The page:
Now I make my home amidst towers of brick, stone, and mortar in the heart of downtown Lincoln, our capitol city. The Sand Hills are hundreds of miles to the northwest. My lawn in the capitol lawn just beyond my west windows. My streetlamp is the great tower capped by a shining dome and ringed in thunderbirds.

In the morning, the sun rises slowly, touching the golden dome first. I can step outside and walk surreal streets still in shadow, wide boulevards empty and quiet. The capitol alone glows golden in the light, the color of prairie grasses in late summer. From the four hundred foot apex, that was all that could be seen in 1927. At that time, an ingenious city planner planted hundreds of oak trees. Now there are at least three squirrels for each of those giant, patient trees. They talk to me as I pass by. I listen and smile. Squirrels are the comic relief of the animal kingdom, here to put us in our place.

The trees grew as the state grew, with love and care, reaching ever higher and deeply rooted. Nebraskans exhibit a simple wisdom and enshrined a simple government – one governor, one court, and one house, non-partisan and open to public and press alike at all times.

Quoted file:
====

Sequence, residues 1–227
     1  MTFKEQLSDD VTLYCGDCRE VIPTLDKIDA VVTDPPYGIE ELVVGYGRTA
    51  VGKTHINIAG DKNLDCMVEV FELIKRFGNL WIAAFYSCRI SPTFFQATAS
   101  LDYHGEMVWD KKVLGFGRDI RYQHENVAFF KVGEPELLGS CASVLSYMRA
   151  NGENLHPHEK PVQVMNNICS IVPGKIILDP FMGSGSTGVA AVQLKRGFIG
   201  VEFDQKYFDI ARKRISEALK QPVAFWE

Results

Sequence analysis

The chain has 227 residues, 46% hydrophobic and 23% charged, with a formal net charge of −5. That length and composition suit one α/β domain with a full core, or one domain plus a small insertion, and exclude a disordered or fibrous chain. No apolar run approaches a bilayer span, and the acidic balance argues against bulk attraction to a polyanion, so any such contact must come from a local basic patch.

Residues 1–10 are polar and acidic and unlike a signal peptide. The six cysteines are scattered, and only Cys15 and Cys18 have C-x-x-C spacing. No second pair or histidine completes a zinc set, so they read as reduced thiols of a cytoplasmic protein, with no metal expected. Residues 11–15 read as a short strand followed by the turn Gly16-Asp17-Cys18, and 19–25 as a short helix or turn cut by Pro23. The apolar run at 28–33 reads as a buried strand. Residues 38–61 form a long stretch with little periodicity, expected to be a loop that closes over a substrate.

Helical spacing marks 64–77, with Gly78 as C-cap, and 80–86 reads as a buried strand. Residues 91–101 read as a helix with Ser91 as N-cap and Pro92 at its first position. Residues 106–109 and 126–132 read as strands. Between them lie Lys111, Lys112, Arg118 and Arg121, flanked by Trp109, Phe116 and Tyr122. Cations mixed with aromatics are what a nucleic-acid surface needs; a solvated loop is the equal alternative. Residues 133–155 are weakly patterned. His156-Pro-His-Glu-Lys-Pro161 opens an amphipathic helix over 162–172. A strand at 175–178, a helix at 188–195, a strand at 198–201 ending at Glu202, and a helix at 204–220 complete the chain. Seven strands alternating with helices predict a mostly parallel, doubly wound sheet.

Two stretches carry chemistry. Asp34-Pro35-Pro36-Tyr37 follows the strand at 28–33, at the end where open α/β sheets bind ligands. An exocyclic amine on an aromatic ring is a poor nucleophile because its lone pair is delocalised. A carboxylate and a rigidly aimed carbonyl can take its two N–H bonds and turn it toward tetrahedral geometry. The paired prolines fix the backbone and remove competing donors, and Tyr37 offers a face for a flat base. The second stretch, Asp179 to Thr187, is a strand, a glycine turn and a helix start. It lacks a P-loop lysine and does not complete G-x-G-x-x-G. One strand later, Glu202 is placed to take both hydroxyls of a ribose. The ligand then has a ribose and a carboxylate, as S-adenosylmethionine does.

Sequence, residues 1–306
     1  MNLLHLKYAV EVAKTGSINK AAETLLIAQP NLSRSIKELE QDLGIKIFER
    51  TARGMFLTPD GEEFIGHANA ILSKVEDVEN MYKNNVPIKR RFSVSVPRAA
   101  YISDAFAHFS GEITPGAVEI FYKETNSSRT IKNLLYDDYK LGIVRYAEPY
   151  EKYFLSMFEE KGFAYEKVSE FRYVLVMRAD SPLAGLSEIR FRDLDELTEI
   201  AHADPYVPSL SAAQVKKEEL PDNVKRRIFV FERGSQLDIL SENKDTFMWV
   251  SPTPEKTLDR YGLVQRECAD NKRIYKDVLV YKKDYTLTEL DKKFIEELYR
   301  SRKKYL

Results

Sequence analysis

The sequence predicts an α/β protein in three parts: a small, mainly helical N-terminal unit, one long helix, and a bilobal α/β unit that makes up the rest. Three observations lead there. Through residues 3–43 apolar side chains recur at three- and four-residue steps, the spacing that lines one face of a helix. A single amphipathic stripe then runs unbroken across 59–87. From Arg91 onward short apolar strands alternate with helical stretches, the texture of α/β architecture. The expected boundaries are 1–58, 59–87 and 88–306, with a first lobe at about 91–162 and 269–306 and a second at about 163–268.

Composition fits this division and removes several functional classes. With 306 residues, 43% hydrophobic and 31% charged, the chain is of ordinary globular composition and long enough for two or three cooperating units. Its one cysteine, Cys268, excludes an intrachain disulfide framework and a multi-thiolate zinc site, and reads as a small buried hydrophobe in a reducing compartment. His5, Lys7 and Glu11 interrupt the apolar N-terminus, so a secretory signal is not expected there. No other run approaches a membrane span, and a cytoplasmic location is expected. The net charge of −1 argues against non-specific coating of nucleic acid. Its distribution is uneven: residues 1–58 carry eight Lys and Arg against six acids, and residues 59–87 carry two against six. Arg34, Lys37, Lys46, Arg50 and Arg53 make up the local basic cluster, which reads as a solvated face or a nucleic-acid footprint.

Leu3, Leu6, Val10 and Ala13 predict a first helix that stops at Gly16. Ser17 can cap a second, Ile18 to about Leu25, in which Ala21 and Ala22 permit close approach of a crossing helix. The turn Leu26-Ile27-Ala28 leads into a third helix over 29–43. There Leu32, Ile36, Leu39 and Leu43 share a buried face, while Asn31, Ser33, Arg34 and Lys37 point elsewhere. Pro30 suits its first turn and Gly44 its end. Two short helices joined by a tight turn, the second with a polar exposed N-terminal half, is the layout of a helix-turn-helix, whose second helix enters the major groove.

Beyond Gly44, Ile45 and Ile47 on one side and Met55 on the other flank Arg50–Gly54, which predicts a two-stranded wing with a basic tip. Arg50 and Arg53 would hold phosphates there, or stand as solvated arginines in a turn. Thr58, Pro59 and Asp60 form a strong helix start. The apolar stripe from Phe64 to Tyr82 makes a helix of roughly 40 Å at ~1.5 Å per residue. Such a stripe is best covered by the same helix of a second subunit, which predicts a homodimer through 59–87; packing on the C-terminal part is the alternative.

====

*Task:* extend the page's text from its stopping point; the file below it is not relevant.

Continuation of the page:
“The salvation of the state is watchfulness in the citizen,” they inscribed above the great iron doors which lead into great mosaic halls. Navajo hymns, Pawnee songs, and Sioux sayings are carved into the stone beside the words of Aristotle, Plato, George Washington, and Abraham Lincoln. I read them as I pass, heading west, always west.

The stage of my waking life predates even the capitol building. Architecture Hall remains the oldest building on the campus of the University of Nebraska – Lincoln, built in 1890. My mother and father met while attending that university. My father studied business in preparation for running one of his own. My mother studied archeology, but did not graduate, choosing instead to follow my father back to the Sand Hills, choosing marriage and children, namely me and my older brother Brandon.

Brandon, like the unbroken generations before him, was born in a small Nebraska town, Valentine, where my father had grown up. Valentine is the metropolis of Cherry County, where today the population density is still less than one person per square mile. In nighttime satellite photos of the United States, when the cities shine like the stars in the sky, you can see a dark spot in the center of the country, just a little north of the middle. That is Cherry County. A small string of cities sits along it’s north border, just miles from South Dakota, along the paved asphalt run of Highway 20. They range from Sparks, population five, to Valentine itself, population twenty-five hundred. Ironically, both towns have rodeo arenas.